August 3

August 5th, 2007

We may be driving an old 1978 camper van, but this morning she was born again. Before we even left the Moose Jaw city limits, we watched as the odometer rolled over and became all zeros. I was a bit slow with the camera, though. I caught a shot as it reached kilometer 3. My theory is that since the odometer shows zero kilometers, the engine should now run like it’s brand new, right?


For the younger people reading my journal, you are likely familiar with the rapper, Eminem. It’s interesting to note that he talks about a rough area of Detroit called 8 Mile Road. Well, I think I’ve stumbled across the truth behind the controversy. A short distance North of Moose Jaw, I found the real 8 Mile Road. I even got a picture of it. It didn’t look too rough to me. There were no drugs, gangs, violence or weapons around. In fact, I didn’t even see any houses. Just fields as far as I could see. Although I suppose it could be like Capone’s tunnels in Moose Jaw. There could be an underground life that the public is not aware of. Or maybe it’s just a myth. Or maybe it’s just a coincidence that this road is also called 8 Mile Road.


I was skating through acres and acres of nothingness. The flat ground seemed to stretch out in all directions before disappearing into the horizon regardless of where I looked. Because it was still early, there really wasn’t much traffic either. The sense of isolation was very humbling. It makes you realize just how small we all are. But at the same time, it was incredibly peaceful. I took the opportunity to get into my best Superman pose for a photo that really shows how desolate the Prairies can seem. All I was missing was a flowing red cape. I left mine in Vancouver.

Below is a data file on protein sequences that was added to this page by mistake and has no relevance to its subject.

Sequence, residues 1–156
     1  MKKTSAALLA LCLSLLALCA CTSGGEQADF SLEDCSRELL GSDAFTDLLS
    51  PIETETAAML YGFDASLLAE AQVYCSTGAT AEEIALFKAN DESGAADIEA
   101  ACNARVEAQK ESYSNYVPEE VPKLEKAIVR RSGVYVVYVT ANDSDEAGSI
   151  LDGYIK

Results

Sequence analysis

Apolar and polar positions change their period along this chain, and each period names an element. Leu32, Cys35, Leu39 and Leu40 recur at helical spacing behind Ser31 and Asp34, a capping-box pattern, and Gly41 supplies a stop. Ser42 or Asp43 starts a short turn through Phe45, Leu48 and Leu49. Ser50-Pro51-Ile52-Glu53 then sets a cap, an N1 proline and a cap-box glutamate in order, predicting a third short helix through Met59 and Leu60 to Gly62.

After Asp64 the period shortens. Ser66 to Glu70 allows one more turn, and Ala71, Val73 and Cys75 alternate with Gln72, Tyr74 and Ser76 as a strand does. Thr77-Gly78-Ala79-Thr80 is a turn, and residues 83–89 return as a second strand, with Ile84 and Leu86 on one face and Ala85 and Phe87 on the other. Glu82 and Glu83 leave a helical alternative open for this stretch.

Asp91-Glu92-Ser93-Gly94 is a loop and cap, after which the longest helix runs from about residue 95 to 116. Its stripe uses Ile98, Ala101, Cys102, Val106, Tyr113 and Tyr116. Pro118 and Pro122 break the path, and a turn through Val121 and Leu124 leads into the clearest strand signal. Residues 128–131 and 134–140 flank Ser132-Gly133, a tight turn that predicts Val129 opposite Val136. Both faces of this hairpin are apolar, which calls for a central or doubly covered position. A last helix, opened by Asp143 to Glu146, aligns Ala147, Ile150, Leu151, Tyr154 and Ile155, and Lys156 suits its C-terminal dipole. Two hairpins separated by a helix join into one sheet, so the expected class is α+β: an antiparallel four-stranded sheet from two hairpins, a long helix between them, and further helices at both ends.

As I continued on, I started seeing signs for Qu’Appelle Valley. I couldn’t understand because I could see forever but there was no indication of a valley anywhere. The next road sign I saw was one of those yellow signs with a truck going down a steep hill. Was this for real? And then I saw it. Out of nowhere, a huge gorge with a river running down the middle appeared in front of me. It was a bizarre feeling not being able to see it until I was actually at the edge of it. And the signs didn’t lie. The hill led me down the south side of the embankment to the water below where we snapped a few photos of this natural phenomenon. I then had the pleasure of fighting my way up the other side. It was tough, but only a couple kilometers long. So it was a nice change for me.


It was only 10 am when I reached Chamberlain and I already had over 50 km behind me. I was making great time. But then I had a slight set back. A suspicious, large, dark man was standing near our RV. As I walked up to him I realized he had a gun! Suddenly I was staring down the barrel with my arms high in the sky. With my knees knocking together, I mustered enough courage to make an attempt to wrestle the gun away from him. But that was easier said than done. He had such a strong grip, it seemed like the gun was welded to his hand. It turns out it was welded. And it turns out that the man was actually just a metal statue. And it also turns out that it wasn’t even a gun he was aiming. He was a statue of a Prospector and he was pointing his surveying tools. I must have looked pretty foolish.